Since 1990, the Hubble Space Telescope has floated through space, taking pictures of the universe 24 hours a day, seven days a week - meaning that in its time, it has witnessed some incredible cosmic events.
Using a tool on the Nasa website, you can see what deep-space images the telescope captured on your birthday.
This is everything you need to know.
What is the Hubble Telescope?
The Hubble Space Telescope, also known as just the Hubble, is a huge telescope in space, which Nasa launched in 1990.
According to the space agency, the Hubble is “as long as a large school bus” and “weighs as much as two adult elephants”. The Hubble spends its time travelling around earth at around five miles per second, which is the equivalent of driving a car from the east coast of the US to the west coast in just 10 minutes.
The telescope faces towards space, and it takes pictures of planets, stars and galaxies. It has witnessed the birth and death of stars, black holes, galaxies that are trillions of miles away and has even seen comet pieces crash into the gases above Jupiter.
Nasa says that the Hubble has “fundamentally changed our understanding of the cosmos, and its story - filled with challenges overcome by innovation, determination, and the human spirit - inspires us”.
The telescope got its name from Edwin P Hubble, who was an astronomer who made important discoveries about the universe in the early 1990s.
Astronauts have visited the Hubble five times to fix it, adding new parts and cameras to the telescope. In 2020, it turned 30 years old.
How do I use the feature?
Nasa says: “The Hubble explores the universe 24 hours a day, 7 days a week. That means it has observed some fascinating cosmic wonder every day of the year, including on your birthday.”
To see with the Hubble saw on your birthday, you just need to head to the Nasa website.
From there, select the month and date that you were born and hit submit to see what it saw on your birthday.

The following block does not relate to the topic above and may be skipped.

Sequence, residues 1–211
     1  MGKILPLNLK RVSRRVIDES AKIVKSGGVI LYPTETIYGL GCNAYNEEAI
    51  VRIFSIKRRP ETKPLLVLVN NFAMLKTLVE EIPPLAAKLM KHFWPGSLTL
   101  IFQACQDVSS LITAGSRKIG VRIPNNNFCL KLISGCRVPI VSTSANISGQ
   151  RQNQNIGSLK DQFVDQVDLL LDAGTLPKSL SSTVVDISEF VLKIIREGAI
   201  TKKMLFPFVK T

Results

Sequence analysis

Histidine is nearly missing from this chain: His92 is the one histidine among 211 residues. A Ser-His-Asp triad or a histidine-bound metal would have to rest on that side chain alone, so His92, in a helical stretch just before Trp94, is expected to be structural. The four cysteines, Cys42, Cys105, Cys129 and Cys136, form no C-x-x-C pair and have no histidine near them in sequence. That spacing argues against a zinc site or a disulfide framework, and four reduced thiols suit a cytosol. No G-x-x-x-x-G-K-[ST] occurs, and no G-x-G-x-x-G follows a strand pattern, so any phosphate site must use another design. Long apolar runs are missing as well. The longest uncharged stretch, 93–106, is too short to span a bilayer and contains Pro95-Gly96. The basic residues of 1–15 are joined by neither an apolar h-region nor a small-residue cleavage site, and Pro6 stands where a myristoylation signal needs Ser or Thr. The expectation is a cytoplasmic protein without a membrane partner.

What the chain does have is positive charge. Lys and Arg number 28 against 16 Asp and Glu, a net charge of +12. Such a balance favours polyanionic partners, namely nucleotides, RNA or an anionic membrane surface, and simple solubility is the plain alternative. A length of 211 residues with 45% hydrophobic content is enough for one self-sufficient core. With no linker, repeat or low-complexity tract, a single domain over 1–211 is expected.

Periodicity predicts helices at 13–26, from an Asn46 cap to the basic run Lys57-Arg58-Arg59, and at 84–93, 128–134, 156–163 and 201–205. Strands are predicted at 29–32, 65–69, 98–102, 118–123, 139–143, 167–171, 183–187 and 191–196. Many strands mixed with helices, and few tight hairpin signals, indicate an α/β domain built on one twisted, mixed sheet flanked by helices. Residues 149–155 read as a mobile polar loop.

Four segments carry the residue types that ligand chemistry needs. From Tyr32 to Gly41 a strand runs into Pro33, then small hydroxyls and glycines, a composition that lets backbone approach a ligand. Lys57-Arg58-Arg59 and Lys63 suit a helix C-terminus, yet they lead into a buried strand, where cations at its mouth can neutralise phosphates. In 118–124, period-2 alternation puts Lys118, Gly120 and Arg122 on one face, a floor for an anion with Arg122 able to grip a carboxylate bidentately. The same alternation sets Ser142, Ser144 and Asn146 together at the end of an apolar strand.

You’ll be shown a picture and will be given some information about what the Hubble saw. If you click on the “more information” option, you’ll be taken to a new webpage on the Hubble site which tells you all about the image.
You can easily share your image to social media, like Twitter, Facebook and Pinterest by clicking on the icons in the upper left corner. Users are encouraged to share their birthday image on social media with the hashtag #Hubble30.
The Nasa website says that for Firefox users, “you might need to turn off content blocking for this site in your browser’s privacy settings” if you’re wanting to share your Hubble birthday image on social media.
A text version of the tool is also available for screen readers.
What did the telescope see on notable dates?
These are some examples of what the Hubble Telescope saw on some notable dates throughout the years.
On 25 December 2009, the telescope saw the dwarf galaxy NGC 4215, with the image capturing “intricate patterns of glowing hydrogen shaped during the star birthing process, cavities blown clear of gas by stellar winds, and bright stellar clusters”.
On 1 January 2012, it saw the galaxy Leo IV, which is one of more than a dozen ultra-faint dwarf galaxies near the Milky Way.
On 31 October 2005, the Hubble saw the nebula NGC 281, with the image showing “dark knots of gas and dust called “Bok Globules””.
APOD stands for Astronomy Picture of the Day, and it is a website which features a different image or photograph of the universe, based on work supported by Nasa.
A brief explanation of the image or photograph is accompanied by a professional astronomer to help you understand exactly what is going on.
APOD is originated, written, coordinated and edited by Robert Nemiroff and Jerry Bonnell since 1995, and contains the largest collection of annotated astronomical images on the internet.
You can see the full archive of pictures from APOD, dating back to 16 June 199 on its website.
You can also see the APOD calendar which lets you select the month and date you want to see.